A crime which
is punishable by the death penalty. This type of crime is
referred to as a "capital" offense. The type of death sentence
varies from state to state. Many states use lethal injection.
The types of crimes punishable by death vary from state to
state. In many states murder one is found where the killing
was premeditated or where the murder occurred with special
circumstances such as with an automatic gun, when the victim
is an officer or state official, or in the case of treason.
In almost all states, a capital offense results in confinement
A legal order
from a higher court to a lower court agreeing to review the
lower court ruling as to issues of law. Certiorari is most
commonly used by the U.S. Supreme Court, the highest court
in the land. The Supreme Court selects only a small number
of certiorari requests because it often results in a change
of law. The Supreme Court makes a legal statement by denying
a writ letting a lower courts decision stand. This is
also known as the doctrine of stare decisis.
is a vital part of the right to a fair trial. In a criminal
jury trial it is the right of either the prosecutor or the
defense lawyer to remove a juror from sitting on the jury.
When this is done for a justified reason such as prejudice,
the basis of the challenge is for cause. If the juror is removed
without cause it is called a peremptory challenge. Typically
each side is given a set number of peremptory challenges.
The objective is to select a jury which is fair to both sides;
or as many jury trials go, unfair to both sides.
The procedure where a person is allowed to convert from one
nonimmigrant status to another.
group of bankruptcy laws that regulate "ordinary" bankruptcy.
group of bankruptcy laws that regulate "wage earner plans."
trials a person who testifies on behalf of the defendant as
to the defendants reputation for honesty and truthfulness
is known as a character witness. This type of evidence is
usually self-serving and results in a string of rebuttal witnesses
showing the defendant has a bad character for truth and honesty.
allegation against the accused establishing that a crime was
committed by the accused. It is usually contained in a written
criminal information or by indictment. The essence of a charge
requires that a factual allegation be clearly alleged and
that the doing of the factual allegation by the accused constituted
and criminal act of excessive buying and selling of shares
of stock by a stockbroker for the purpose of obtaining more
commissions. The act has both civil and criminal consequences.
The rules governing illegal stock churning are governed by
the blue sky laws of the states and by the Securities and
Exchange Commission of the United States government.
in a trial which is not directly proved but which requires
the inference of another fact to prove its existence. For
example, "I did not see the dog eat the bone but I saw
the dog and then the bone was gone." The jury may infer
the dog ate the bone. This is circumstantial evidence. Such
evidence is just as admissible as direct evidence.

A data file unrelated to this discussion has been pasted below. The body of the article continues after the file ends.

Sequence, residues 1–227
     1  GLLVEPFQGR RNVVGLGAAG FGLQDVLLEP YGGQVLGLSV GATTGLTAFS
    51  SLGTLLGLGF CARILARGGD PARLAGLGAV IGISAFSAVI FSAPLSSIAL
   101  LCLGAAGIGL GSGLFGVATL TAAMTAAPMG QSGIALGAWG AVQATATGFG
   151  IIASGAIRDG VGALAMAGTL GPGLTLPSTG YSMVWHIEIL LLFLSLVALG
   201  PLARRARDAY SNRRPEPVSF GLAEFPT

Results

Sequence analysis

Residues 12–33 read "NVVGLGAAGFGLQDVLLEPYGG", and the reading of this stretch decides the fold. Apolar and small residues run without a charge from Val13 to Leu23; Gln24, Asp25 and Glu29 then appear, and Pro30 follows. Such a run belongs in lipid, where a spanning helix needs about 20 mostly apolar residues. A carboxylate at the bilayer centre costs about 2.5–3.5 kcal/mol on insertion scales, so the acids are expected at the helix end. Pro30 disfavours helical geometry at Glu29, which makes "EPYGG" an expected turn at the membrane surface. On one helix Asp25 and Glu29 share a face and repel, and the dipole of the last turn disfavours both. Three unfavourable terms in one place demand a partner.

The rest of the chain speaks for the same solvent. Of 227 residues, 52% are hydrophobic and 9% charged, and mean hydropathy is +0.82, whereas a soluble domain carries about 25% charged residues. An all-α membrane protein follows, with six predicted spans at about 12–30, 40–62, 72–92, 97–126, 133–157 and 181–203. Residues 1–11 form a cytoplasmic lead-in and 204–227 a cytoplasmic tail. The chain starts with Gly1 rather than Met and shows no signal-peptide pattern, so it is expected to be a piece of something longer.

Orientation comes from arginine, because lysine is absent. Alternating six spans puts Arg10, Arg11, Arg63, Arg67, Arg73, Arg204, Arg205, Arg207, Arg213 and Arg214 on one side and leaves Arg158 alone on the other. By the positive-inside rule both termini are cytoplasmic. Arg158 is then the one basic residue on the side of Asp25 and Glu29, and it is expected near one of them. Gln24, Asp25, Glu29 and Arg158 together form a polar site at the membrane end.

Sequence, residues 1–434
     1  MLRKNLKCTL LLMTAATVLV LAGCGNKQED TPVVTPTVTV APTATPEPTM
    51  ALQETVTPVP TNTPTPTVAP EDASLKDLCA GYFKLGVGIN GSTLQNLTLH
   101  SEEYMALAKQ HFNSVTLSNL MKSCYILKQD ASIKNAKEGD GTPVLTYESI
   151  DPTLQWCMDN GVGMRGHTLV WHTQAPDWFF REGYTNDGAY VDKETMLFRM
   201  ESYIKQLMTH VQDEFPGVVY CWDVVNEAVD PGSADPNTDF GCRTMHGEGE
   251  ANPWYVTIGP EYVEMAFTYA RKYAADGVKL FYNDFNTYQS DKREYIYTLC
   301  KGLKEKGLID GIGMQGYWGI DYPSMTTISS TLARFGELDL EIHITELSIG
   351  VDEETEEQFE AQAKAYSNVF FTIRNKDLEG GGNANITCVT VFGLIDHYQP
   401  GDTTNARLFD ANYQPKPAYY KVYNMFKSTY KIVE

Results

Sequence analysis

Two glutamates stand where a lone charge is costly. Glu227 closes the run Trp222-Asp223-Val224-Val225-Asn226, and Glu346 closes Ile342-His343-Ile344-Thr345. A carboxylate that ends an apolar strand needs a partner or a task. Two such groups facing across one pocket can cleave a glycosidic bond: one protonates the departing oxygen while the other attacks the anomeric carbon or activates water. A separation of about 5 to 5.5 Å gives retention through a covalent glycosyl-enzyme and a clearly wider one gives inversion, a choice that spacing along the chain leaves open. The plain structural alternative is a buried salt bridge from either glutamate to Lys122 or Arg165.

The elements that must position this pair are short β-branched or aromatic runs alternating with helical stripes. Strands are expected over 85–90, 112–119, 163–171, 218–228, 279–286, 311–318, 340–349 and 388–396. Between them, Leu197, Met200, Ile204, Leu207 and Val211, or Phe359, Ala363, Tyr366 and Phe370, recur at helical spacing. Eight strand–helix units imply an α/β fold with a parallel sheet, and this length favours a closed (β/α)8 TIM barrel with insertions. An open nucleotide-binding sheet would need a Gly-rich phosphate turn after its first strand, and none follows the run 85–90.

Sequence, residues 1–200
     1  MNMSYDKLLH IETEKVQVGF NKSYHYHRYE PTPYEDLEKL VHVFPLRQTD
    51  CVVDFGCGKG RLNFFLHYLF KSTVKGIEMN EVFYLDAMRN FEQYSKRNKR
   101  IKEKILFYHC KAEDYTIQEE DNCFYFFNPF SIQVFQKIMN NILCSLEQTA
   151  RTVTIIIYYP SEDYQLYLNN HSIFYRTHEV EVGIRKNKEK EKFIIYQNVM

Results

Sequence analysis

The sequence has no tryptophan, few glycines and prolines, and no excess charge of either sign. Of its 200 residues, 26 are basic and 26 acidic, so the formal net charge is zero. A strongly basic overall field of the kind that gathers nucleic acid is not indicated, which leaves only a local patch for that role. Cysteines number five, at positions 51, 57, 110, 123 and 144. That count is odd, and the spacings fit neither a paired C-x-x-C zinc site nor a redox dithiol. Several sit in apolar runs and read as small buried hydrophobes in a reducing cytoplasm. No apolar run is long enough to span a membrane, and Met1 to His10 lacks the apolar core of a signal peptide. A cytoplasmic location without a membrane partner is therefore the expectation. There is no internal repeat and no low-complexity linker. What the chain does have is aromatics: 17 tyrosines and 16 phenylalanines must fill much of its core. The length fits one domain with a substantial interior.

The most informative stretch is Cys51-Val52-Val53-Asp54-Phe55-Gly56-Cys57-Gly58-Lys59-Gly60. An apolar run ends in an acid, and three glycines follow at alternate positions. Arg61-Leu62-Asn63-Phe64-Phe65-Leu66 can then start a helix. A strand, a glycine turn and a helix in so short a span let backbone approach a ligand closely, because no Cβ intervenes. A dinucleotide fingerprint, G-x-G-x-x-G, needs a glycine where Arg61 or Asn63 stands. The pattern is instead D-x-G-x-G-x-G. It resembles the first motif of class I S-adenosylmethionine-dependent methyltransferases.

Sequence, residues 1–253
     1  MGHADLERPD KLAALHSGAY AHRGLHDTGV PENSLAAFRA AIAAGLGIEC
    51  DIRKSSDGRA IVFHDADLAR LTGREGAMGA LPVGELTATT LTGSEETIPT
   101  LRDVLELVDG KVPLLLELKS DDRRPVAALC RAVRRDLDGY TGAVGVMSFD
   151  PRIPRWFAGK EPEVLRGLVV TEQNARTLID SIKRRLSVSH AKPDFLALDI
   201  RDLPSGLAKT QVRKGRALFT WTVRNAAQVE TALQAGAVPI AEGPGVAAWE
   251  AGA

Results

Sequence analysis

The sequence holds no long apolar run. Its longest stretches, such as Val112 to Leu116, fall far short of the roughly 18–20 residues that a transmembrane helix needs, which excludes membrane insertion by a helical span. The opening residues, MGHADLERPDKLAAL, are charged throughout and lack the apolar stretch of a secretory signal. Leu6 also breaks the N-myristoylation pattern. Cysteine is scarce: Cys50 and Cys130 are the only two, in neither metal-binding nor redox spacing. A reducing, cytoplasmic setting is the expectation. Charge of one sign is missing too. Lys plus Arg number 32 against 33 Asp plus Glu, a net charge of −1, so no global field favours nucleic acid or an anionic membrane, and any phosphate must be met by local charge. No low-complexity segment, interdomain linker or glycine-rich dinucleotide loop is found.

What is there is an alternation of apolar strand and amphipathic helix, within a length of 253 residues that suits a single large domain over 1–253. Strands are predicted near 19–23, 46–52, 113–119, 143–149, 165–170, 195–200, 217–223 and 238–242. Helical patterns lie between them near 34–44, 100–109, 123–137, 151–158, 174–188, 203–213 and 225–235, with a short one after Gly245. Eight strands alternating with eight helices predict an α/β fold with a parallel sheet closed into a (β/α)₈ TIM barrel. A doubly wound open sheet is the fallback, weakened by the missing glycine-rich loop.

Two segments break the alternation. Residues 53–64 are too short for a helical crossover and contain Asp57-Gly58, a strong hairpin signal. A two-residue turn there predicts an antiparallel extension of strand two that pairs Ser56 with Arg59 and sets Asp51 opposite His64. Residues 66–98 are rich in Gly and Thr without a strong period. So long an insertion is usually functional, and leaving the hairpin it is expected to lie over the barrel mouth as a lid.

formal notice to appear in court.
A person's legal affiliation with a particular country that
generally gives the right to enter that country as well as
has certain obligations to it.
deposit that is limited to securing the landlord against the
cost of cleaning the premises if the tenant fails to leave
the premises in a clean condition when the tenant vacates.
A fee charged
by landlords to clean the premises either when the tenant
takes possession or when the tenant vacates.
and convincing evidence
degree of evidence that proves a fact by the "preponderance
of evidence" required in civil cases and beyond the "reasonable
doubt" needed to convict in a criminal case.
final argument by an attorney after all evidence has been
presented by both sides. Unlike the opening statement, which
is limited to what the attorney intends to prove, closing
argument often includes emotional argument and appeals to
the jury for justice, forgiveness and fairness.
that is pledged to the repayment of a loan. If the loan is
not paid, the debtor must surrender the collateral to the
entity retained by a creditor to collect a debt.
A lease for
property used for a commercial purpose: retail, office, or
judicial decree ordering a term of imprisonment after the
accused has been found guilty of a crime.
type of law dates back to Mother England. It evolved from
the accepted behavior of English society as it related to
their trade, custom and usage. The common law became the basic
law for most states and evolved specific rules called codes.
executive act of reducing a criminal sentence. It is also
known as executive clemency. Commutation often suggests that
the penalty was excessive or there has been substantial rehabilitation.
However, commutation is more often used when there is evidence
that the defendant was not guilty.
means of determining what fault, if any, the complaining party
may have in relationship to the injury that has occurred.
filing of a law suit by the plaintiff against the defendant.
state of mind of a criminal defendant wherein he or she understands
the charges against him or her and can assist in his or her
own defense. A court cannot try someone who is not competent
to stand trial.
document filed by the creditor in court that begins a lawsuit
against the debtor. The complaint contains the creditor's
factual allegations about the loan transaction.
act of being harmed by a felony, then reaching an agreement
with the one causing the harm that the person harmed will
not tell the authorities in exchange for money or other recompense.
It is often equated to accepting a bribe for silence.
weapon which is hidden on one's person and which is not readily
observable by another. Carrying a concealed weapon is a felony
in most states. In most states the only defense is having
a permit to carry a weapon. This is usually given only to
law enforcement employees.
intentional and bad faith failure to provide material information
to someone with the felonious intent to commit a theft on